The Episcopal gloves or Pontifical gloves (chirothecœ, called also at an earlier date manicœ, wanti) are a Roman Catholic pontifical vestment worn a by bishop when celebrating Solemn Pontifical Mass. The Episcopal gloves are worn from the beginning of the Mass until the offertory, when they are removed. The gloves can be elaborately embroidered, and they generally match the liturgical color of the Mass, except that they are not worn for Good Friday or Requiem Masses. While the episcopal gloves are normally reserved for bishops, other prelates that are entitled to use pontificals, including abbots, may use them as well without a special papal privilege.

While the use of the Episcopal gloves is still permitted in the Ordinary Form of the Mass, they are very rarely seen in that context. Most often, the Episcopal gloves are seen in the context of the Extraordinary Form of the Roman Rite, commonly referred to as the Tridentine Mass. The gloves are considered symbolic of purity, the performance of good works and carefulness in procedure.


The Caeremoniale Episcoporum, as revised in 1984, no longer imposes on bishops of the Roman Catholic Church the use of episcopal gloves when celebrating Mass solemnly, but they are still used in such celebrations of the Tridentine Mass form of the Roman Rite. Traditionalist Catholic bishops, including Sedevacantist bishops, often make a point of using them to signify their rejection of liturgical changes introduced since the Second Vatican Council, though they would be using them anyway, as they are required dress for the celebration of the Tridentine Mass. Anglo-Catholic and Old Catholic bishops also sometimes make use of the Episcopal gloves, especially when celebrating forms of the Tridentine Mass.

Episcopal gloves are used only at a Pontifical Mass, and then only up to the washing of the hands before the Eucharistic Sacrifice. In the former rite of consecration of a bishop the consecrator, aided by the assisting bishops, put the gloves on him just after the Blessing.


Episcopal gloves at the present day are knitted by machine or hand-woven from silk thread. They are normally ornamented on the back with a cross; the border of the opening for the hand is also, as a rule, embellished. The colour of the gloves must correspond with the liturgical colour of the feast or day in the services of which they are worn; episcopal gloves, however, are never black, as they are not used on Good Friday nor at a Mass for the dead.


The use of episcopal gloves became customary at Rome probably in the tenth century, outside of Rome they were employed somewhat earlier. Apparently they were first used in France, as the earliest traces of the custom are found in this country, whence it gradually spread into all other parts and eventually to Rome. The chief reason for the introduction of the usage was probably the desire to provide a suitable adornment for the hands of the bishop, rather than practical considerations such as the preservation of the cleanliness of the hands etc. Episcopal gloves appertained originally to bishops, but at an early date their use was also granted to other ecclesiastics, thus no later than 1070 the abbot of the monastery of San Pietro in Cielo d'Oro at Pavia received this privilege, the first certain instance of such permission.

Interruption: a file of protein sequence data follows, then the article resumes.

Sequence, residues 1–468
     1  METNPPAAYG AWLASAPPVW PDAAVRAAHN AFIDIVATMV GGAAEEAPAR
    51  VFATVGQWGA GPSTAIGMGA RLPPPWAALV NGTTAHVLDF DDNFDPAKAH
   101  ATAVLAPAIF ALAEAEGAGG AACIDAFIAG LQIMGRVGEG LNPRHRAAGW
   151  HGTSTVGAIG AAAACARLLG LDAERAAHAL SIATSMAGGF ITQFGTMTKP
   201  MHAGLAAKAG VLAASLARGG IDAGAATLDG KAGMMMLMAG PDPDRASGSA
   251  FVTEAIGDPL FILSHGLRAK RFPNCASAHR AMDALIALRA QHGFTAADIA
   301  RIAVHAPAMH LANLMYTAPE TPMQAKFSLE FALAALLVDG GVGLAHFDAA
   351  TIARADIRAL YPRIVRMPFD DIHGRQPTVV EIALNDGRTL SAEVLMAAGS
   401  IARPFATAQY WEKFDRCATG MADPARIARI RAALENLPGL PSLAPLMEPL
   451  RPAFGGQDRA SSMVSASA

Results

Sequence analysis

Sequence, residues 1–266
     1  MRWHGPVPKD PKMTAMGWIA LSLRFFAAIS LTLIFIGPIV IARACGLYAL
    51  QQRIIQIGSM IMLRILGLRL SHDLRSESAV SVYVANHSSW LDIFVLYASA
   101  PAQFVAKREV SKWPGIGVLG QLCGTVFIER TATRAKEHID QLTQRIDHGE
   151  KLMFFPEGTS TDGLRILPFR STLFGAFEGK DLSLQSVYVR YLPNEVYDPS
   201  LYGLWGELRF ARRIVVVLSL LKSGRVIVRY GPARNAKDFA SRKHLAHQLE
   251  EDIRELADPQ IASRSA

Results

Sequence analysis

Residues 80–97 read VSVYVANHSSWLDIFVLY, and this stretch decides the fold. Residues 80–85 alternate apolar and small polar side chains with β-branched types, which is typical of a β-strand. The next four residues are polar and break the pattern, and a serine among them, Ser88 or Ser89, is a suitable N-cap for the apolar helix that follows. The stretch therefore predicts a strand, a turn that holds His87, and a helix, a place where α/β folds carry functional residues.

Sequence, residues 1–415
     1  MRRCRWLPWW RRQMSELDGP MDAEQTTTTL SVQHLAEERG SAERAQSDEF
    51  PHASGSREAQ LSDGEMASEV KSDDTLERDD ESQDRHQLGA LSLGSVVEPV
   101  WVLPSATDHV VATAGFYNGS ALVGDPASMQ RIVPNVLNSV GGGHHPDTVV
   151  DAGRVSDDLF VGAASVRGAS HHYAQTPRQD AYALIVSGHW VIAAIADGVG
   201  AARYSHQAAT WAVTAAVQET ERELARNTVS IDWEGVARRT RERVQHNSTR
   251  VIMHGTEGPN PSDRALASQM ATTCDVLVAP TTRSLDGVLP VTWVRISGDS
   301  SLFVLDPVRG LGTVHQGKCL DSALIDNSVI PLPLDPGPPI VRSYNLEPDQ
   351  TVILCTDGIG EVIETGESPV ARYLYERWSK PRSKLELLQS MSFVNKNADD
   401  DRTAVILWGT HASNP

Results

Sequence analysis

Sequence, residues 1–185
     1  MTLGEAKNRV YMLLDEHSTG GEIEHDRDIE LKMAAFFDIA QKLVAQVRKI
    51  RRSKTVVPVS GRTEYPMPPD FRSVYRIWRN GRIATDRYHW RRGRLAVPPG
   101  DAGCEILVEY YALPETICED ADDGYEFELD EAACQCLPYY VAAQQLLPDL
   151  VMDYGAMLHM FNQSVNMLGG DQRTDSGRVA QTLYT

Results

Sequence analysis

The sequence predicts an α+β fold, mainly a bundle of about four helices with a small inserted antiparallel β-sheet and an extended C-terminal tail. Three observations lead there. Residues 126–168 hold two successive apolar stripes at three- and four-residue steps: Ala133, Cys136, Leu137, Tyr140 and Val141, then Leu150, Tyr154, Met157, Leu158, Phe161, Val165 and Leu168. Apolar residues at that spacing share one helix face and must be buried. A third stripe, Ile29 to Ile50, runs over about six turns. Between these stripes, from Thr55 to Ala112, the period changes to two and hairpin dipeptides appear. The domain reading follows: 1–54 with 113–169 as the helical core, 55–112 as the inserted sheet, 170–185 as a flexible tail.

In the Middle Ages these gloves were either knitted or otherwise produced with the needle, or else they were made of woven material sewed together; the former way seems to have been the more usual. Gloves made by both methods are still in existence, as for example, in Saint-Sernin at Toulouse, at Brignoles, in S. Trinità at Florence, in the cathedrals of Halberstadt and Brixen, in New College at Oxford, Conflens in Savoy and other places. In the later Middle Ages it became customary to enlarge the lower end, giving it the appearance of a cuff or gauntlet, and even to form the cuff with a long joint which hung downwards and was decorated with a tassel or little bell. The back of the glove was always ornamented, sometimes with an embroidered medallion or some other form of needlework, sometimes with a metal disk having on it a representation of the Lamb of God, a cross, the Right Hand of God, Saints etc., the disk being sewn on to the glove, or, at times, the ornamentation was of pearls and precious stones. The gloves were generally made of silk thread or woven fabric, rarely of woollen thread, sometimes of linen woven material. Up to the end of the Middle Ages the usual colour was white, although the gloves at New College, Oxford, are red; apparently it was not until the sixteenth century that the ordinances as to liturgical colours were applied to episcopal gloves. Even in the Middle Ages the occasions on which the gloves were worn were not many, but their use was not so limited as later, for in the earlier period they were occasionally worn at the pontifical Mass after Communion, at solemn offices and during processions.


External links

This article incorporates text from the Catholic Encyclopedia of 1913, a publication now in the publicЛитургические перчатки

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